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25 September 2017 Alternative optics for space x-ray telescopes: from large to small
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Proceedings Volume 10562, International Conference on Space Optics — ICSO 2016; 105624D (2017)
Event: International Conference on Space Optics — ICSO 2016, 2016, Biarritz, France
The X-ray optics is a key element of space X-ray telescopes, as well as other X-ray imaging instruments. The grazing incidence X-ray lenses represent the important class of X-ray optics. Most of grazing incidence (reflective) X-ray imaging systems used in space applications are based on the Wolter 1 (or modified) arrangement.



The X-ray optics is a key element of space X-ray telescopes, as well as other X-ray imaging instruments. The grazing incidence X-ray lenses represent the important class of X-ray optics. Most of grazing incidence

(reflective) X-ray imaging systems used in space applications are based on the Wolter 1 (or modified) arrangement. But there are also other designs and configurations proposed, used and considered for future applications both in space and in laboratory. The Kirkpatrick-Baez (K-B) lenses as well as various types of Lobster-Eye (LE) optics and MCP/Micropore optics serve as an example. Analogously to Wolter lenses, the X-rays are mostly reflected twice in these systems to create focal images. Various future projects in X-ray astronomy and astrophysics will require large segments with multiple thin shells or foils. The large Kirkpatrick-Baez modules, as well as the large Lobster-Eye X-ray telescope modules in Schmidt arrangement may serve as examples. All related space projects will require high quality and light segmented shells (bent or flat foils) with high X-ray reflec tivity and excellent mechanical stability. The Multi Foil Optics (MFO) approach represent a promising alternative for both LE and K-B X-ray optical modules. Several types of reflecting substrates may be

considered for these applications, with emphasis on thin float glass sheets and, more recently, high quality silicon wafers. This confirms the importance of non-Wolter X-ray optics designs for the future. In addition to that, some of these X ray imaging elements/telescopes can be miniaturized, making them suitable for applicationsin very small satellites including cubesats. Few these examples will be presented and discussed.



Let us to briefly introduce and discuss the history of Kirkpatrick-Baez (K-B) systems especially in space use. The first two-dimensional x-ray image ever obtained in the laboratory with grazing incidence reflection wa oriented at right angle to the first one, a point-like focus is achieved. This is true for rays parallel to the centre line of the parabolas. In order to increase the collecting area a stack of parabolas of translation is constructed.

Whereas in the case of only one double plate system a perfect focus for on-axis rays can be achieved this is not possible for a multiple plate arrangement, where the focus remains perfect only along the projected direction of the surface normal of the primary. The exact solution for the intersection point with the focal plane of an arbitrary incident ray is given in the paper [3]. A detailed configurational analysis of the multi-plate Kirkpatrick-Baez system has also been carried out [4].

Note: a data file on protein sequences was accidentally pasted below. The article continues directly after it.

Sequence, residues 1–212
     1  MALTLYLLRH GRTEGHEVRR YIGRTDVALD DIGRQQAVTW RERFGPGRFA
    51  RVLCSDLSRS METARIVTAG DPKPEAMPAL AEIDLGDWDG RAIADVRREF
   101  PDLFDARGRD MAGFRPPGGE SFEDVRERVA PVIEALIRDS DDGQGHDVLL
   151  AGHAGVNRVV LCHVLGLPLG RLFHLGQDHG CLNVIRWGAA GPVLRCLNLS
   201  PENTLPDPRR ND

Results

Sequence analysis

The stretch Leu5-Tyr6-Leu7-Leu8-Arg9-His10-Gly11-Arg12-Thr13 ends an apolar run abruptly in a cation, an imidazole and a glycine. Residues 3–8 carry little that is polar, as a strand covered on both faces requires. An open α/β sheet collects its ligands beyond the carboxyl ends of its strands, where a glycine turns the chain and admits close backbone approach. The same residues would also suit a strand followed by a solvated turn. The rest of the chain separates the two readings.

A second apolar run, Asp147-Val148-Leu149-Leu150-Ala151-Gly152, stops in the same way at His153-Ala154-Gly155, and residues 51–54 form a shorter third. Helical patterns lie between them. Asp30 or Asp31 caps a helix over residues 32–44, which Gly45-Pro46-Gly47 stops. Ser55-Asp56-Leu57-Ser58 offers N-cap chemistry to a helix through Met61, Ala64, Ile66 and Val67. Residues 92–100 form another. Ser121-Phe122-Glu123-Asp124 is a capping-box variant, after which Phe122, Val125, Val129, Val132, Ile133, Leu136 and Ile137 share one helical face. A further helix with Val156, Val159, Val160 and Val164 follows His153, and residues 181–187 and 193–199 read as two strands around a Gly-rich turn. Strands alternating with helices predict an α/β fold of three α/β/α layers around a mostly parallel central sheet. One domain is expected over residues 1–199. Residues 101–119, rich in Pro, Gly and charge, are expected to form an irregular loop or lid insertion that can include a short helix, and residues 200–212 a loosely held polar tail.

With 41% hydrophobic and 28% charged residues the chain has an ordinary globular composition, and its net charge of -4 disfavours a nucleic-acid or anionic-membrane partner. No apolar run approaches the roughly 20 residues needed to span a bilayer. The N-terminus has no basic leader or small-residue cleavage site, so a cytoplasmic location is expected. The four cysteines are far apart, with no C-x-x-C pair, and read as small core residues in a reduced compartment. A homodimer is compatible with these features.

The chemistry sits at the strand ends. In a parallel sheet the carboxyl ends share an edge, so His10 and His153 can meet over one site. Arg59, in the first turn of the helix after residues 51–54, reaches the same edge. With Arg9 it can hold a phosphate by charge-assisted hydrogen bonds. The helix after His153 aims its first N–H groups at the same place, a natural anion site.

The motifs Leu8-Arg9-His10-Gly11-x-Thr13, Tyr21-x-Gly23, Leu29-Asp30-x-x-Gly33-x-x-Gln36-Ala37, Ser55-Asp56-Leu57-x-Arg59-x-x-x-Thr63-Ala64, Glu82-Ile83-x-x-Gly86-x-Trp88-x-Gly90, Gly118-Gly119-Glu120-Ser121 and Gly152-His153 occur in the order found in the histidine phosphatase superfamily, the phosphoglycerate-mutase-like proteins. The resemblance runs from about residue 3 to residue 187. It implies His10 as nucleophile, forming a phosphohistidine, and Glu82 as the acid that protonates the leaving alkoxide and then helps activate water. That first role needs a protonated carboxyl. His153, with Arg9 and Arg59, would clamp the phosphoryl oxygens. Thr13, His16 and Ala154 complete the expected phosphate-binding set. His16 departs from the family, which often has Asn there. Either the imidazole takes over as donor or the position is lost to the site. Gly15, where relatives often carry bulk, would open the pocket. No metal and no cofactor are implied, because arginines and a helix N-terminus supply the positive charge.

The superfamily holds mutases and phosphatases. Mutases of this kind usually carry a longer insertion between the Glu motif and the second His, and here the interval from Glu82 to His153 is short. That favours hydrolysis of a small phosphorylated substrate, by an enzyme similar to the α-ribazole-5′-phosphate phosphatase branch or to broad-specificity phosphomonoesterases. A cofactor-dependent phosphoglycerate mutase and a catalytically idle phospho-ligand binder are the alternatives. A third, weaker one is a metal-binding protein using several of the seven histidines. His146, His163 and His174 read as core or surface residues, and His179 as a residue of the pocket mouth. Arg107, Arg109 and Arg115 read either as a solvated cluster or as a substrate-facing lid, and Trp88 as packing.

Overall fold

As for space applications, we note that the Kirkpatrick-Baez (K-B) X-ray optics was actually the first X-ray optics suggested for astronomical use. Despite to this fact, albeit some considerations and plans occurred, the astronomical X-ray telescopes flown so far on satellites mostly used the Wolter 1 type optics. Only few historical experiments on sounding rockets used K-B systems. Different situation is in the laboratory where K-B systems are in frequent use e.g. at synchrotrons. The K-B optics, despite suggested for that application, was never flown in a satellite experiment. However, it was used in several rocket experiments in the past, and in addition to that, proposed and discussed for several satellite experiments. In order to increase the collecting area (the frontal area) a stack of parabolas of translation can be constructed for astrophysical applications. However, in contrast to the single double-plate system, the image of a point-like source starts to become increasingly extended in size as the number of plates involved increases. Wolter type I telescopes bend the incident ray direction two times in the same plane, whereas the two bendings in Kirkpatrick-Baez systems occur in two orthogonal planes, which for the same incidence angle on the primary mirror requires a longer telescope [5].

Relatively easy segmentation can also be applied, to the Kirkpatrick- Baez (K-B) array of stacked orthogonal parabolic reflectors. A large K-B mirror can be segmented into rectangular modules of equal size and shape [6]. A segmented K-B telescope has the advantage of being highly modular on several levels. All segments are rectangular boxes with the same outer dimensions. Along a column, the segments are nearly identical and many are interchangeable with each other. All reflectors deviate from flatness only slightly. On the other hand the Wolter reflectors are highly curved in the azimuthal direction and the curvature varies over the mirror.

Although based mostly on glass sheets, there was also a historical attempt to create an astronomical K-B module with silicon wafers [7]. They constructed a test K-B module based on new material/substrate, namely silicon wafers. The telescope module consisted of 94 silicon wafers with diameter of 150 mm, uncoated, with thickness of 0.72 mm. The device was tested both in optical and X-rays, with measured FWHM of 150 arcsecs, dominated by large-scale flatness. It should be noted that the surface quality and flatness of Si wafers improved essentially over the time.

The experimental X-ray astronomy is recently in need of substantial innovations. The recent efforts in design and development future large and precise imaging astronomical X-ray telescopes require to re-consider both the technologies as well as designs. These X-ray telescopes require new light-weight and thin materials/substrates such as glass foils and/or silicon wafers. Their shaping to small radii, as required in Wolter designs, is not an easy task. While the K-B arrangements represent a less laborious and hence less expensive